No Luddites here

The critics of the rush to edistribution are anxious not to be seen as Luddites, however. They readily embrace the many advantages of the internet as an information and administration tool.

Insurers recognise the unlikelihood of the internet emerging as a major distribution channel for anything other than individual personal lines business and relatively small commercial lines products. But they persist in their determination to participate fully in the new channels.

“What we have here is an industry pre-occupied with the need to open more channels to the consumer,” says Andy Cherkas, head of strategy economics at management consultants Tillinghast-Towers Perrin, “and looking to information technology as the magic tool to do that.

“Many companies want to be multi-channel, multi-product providers. Few, it seems, are prepared to focus on being particularly good in specific channels or products, or in serving specific customer groups.”

Cherkas bases his assessment on the results of his firm's recent survey of European life insurer chief executives. According to the research, distribution effectiveness is the top strategic challenge facing companies in the coming five years, with 56% of respondents selecting it as the key issue. The next two are changing market and customer needs (48%) and the increasing demands of information technology management (41%).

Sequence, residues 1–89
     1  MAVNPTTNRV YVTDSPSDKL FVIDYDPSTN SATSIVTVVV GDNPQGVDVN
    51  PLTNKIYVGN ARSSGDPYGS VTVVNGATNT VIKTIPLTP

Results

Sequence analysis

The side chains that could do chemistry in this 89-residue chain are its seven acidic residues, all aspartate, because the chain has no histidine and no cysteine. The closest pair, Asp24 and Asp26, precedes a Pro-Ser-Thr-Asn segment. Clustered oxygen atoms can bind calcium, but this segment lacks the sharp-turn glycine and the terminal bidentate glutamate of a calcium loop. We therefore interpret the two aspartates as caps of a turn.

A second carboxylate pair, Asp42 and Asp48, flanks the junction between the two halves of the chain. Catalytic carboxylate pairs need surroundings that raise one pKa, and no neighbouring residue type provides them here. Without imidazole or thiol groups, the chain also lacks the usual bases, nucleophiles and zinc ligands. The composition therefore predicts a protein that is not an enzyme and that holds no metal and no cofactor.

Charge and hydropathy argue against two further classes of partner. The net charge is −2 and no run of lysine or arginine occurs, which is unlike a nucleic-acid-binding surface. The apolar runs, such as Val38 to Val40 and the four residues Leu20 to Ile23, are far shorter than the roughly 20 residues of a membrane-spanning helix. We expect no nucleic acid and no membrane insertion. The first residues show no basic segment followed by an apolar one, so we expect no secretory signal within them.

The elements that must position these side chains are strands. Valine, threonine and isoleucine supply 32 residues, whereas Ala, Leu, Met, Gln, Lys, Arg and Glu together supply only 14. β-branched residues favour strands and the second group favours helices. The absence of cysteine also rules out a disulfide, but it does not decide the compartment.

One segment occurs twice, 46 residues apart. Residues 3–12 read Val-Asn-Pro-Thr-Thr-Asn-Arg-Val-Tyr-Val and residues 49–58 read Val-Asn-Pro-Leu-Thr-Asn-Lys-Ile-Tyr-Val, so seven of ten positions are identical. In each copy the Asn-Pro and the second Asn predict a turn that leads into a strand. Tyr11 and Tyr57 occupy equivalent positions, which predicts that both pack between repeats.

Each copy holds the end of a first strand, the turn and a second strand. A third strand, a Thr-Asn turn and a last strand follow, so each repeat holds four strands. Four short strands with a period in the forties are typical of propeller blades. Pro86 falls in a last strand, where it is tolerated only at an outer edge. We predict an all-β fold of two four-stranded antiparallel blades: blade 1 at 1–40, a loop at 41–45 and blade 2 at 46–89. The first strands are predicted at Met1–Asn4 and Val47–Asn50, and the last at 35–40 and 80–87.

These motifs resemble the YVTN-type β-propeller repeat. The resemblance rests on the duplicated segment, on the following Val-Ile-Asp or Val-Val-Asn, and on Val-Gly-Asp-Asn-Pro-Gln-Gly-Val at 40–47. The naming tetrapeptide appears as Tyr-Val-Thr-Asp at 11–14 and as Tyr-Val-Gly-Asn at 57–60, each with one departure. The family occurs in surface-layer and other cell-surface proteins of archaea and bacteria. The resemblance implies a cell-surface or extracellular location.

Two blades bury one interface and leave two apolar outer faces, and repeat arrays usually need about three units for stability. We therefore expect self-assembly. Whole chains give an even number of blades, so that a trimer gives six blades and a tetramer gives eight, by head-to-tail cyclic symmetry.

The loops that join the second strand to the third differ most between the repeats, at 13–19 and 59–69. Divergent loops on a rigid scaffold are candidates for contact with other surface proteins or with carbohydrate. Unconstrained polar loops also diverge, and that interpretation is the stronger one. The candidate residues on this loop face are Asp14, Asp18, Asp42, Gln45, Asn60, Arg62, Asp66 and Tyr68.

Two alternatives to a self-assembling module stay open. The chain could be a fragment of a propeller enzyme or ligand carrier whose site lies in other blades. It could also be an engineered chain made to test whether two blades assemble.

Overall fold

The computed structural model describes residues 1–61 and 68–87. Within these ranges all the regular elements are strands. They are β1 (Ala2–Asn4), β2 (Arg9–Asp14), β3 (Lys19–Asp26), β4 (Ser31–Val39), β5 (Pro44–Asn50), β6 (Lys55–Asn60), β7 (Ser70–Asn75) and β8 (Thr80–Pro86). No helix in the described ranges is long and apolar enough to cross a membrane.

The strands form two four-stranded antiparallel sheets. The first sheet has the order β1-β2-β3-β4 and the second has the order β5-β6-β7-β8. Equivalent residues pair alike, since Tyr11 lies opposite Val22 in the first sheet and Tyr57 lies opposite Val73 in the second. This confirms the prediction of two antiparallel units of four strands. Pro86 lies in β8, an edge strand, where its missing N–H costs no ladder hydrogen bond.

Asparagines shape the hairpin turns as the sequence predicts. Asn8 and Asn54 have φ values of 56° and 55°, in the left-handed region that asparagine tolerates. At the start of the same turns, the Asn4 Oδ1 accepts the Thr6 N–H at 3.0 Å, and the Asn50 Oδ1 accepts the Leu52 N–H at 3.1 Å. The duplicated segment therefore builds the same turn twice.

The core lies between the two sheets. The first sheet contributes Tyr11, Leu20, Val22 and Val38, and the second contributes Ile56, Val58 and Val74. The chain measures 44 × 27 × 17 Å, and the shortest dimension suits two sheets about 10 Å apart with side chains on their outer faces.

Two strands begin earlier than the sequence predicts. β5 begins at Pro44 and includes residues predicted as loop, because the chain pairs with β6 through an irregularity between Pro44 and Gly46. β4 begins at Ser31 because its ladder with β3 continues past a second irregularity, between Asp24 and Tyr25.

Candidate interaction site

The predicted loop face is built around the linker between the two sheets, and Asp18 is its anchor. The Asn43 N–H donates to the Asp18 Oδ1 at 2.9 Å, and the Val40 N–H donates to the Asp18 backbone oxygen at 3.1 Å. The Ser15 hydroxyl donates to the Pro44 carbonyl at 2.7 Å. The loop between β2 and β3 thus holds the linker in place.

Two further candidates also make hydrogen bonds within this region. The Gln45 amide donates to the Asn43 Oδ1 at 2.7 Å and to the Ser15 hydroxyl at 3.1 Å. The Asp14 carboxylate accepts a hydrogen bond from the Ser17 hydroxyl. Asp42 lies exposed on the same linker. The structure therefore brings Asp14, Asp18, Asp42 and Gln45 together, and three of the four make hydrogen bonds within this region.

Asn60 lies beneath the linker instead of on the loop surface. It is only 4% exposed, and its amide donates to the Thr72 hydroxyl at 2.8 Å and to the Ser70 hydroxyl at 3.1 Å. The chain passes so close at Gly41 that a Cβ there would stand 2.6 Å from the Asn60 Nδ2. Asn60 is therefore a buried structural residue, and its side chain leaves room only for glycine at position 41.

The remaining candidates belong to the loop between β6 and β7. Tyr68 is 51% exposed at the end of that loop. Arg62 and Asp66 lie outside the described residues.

He reports that four out of every ten insurers are looking to develop alternative distribution channels, improve customer service and use technology more effectively. Opinion on the likely future of the internet as a distribution channel was sharply divided, with 60% feeling that it would emerge as a major distribution channel in private customer business, while the remaining 40% disagreed. Almost all those asked, however, believe that the internet will become a significant information and service medium for customers and intermediaries.